We thought we were staying in America when we canceled the trip to South America. Then, at the Tennessee Welcome Center we met a man who wanted to make sure we saw a certain battlefield in Chattanooga, “…in the Northern War of Aggression.” I guess we really are two countries.
Other things heard in the South: “I think we ought to nuke the entire Middle East.” “Only people who own property and pay taxes should be allowed to vote.” and most amazing, “Barrak Obama will impose Islamic Law if elected president.” We’d all be living the law of President Bush’s church if that were possible under the Constitution. It isn’t.
I am confused. It appears that the South Shall Rise Again is no longer a aphorism, but an accomplished fact. Some of them (lots of them?) have separated from the rest of the country. We await a formal declaration of war. Given the success they had (in what I thought was called the Civil War) at picking their battles, they might want to think twice.
We drove longer and faster than usual to get to the Kennedy Space Center to see the Shuttle launch. Luckily we found a wonderful boondock spot at the edge of a wildlife refuge and had four each glourious sunsets and sunrises, surrounded by friendly RVers, wildlife and local fishers. The mozzies left welts that linger a week later, but they are not bad during the day. It’s a good thing we found the boondock, the RV parks are outrageously expensive. (Go to Arizona!) After three cancellations due to some sensors, (they probably work as well as our black-water sensors) we gave up and drove south.
Our first bike ride in Florida we were treated to two young men in a pickup suggesting that it would be common courtesy for us to ride on the sidewalk. We were not blocking traffic and the lanes were wide. I suspect it was our bright clothing that offended him. I wonder if bicyclists here learn to wear camo.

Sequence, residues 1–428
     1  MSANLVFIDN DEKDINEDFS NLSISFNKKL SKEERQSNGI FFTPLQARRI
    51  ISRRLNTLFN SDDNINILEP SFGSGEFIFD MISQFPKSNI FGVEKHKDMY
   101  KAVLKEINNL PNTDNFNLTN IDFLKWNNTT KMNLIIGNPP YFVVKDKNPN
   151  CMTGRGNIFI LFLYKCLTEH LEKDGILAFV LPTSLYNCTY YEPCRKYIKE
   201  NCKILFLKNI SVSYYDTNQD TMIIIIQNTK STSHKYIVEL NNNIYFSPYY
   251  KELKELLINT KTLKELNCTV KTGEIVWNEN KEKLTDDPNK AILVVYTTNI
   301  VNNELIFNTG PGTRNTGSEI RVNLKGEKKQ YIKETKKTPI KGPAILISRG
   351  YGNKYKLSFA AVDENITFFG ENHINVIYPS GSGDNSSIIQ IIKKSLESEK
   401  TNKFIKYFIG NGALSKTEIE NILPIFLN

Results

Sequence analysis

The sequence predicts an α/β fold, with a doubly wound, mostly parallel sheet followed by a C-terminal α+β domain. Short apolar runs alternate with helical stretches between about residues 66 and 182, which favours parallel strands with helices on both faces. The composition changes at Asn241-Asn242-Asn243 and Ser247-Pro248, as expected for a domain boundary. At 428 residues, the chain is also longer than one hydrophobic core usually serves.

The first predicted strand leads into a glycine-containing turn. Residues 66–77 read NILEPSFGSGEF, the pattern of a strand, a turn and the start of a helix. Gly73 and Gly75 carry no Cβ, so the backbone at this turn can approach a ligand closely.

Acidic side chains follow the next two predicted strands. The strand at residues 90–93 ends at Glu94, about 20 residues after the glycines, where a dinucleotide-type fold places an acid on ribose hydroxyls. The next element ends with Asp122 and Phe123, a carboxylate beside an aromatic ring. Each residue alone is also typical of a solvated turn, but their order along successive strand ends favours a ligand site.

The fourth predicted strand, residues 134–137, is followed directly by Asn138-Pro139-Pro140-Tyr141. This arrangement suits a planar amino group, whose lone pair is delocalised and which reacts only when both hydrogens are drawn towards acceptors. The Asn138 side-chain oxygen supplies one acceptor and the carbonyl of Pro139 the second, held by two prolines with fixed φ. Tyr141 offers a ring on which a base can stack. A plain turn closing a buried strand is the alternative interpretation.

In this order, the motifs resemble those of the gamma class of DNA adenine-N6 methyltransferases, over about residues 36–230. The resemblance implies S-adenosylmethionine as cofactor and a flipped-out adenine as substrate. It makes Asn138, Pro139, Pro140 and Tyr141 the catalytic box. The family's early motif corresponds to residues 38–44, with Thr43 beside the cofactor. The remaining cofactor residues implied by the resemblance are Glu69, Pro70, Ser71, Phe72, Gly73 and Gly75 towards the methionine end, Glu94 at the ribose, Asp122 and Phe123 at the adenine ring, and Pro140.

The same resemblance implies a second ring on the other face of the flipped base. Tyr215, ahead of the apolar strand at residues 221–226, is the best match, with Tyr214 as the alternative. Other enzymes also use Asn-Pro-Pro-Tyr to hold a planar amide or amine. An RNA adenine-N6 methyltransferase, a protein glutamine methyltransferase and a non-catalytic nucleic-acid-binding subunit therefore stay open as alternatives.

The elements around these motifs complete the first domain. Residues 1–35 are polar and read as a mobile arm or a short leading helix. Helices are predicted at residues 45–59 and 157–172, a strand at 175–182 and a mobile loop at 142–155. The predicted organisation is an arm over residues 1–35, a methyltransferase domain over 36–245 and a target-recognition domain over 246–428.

The next day we took mountain bikes, rode sidewalks and grass verges and had a wonderful day, including the best hot dog I’ve had since West Virginia: steamed bun, chilli and coleslaw. Yum. Most of the people we meet are from somewhere else, here for the winter. There seem to be lots of people living in old cars and trucks, sleeping with the mozzies in the managroves I suspect. The homeless don’t always show up at shelters to be counted.
After we left the Space Coast, we drove down A1A along the barrier islands, filled with beautiful large and expensive houses, and some very nice county parks and beaches. Each time we stopped at a beach, we began coughing and or sneezing. We thought it was an unusual reaction to salt air, but later learned it is an alergic reaction to a kind of red tide that is driving people from the coast. We both got stung by a blue jellyfish I was trying to get closeup photos of, when a larger wave washed it around our ankles and toes. Vinegar (we learned in Australia) helped, and the sting lasted only a few hours. Now we know why we had the beaches to ourselves, red tide and stinging jellyfish. Lovely still.
We did wonder how many of those beautiful houses will be gone next hurricane. I somehow don’t think those people will be living in FEMA trailers. I just hope we don’t end up having to pay to rebuild the beach they should not have built on. The barrier islands should be kept as just that, barrier islands, used as parks and wildlife refuges, to protect the inner coast, not covered by houses that distroy the vegetative matte that holds the sand. Money talks, and money buys politicians, and insurance.
Florida will be interesting, already is…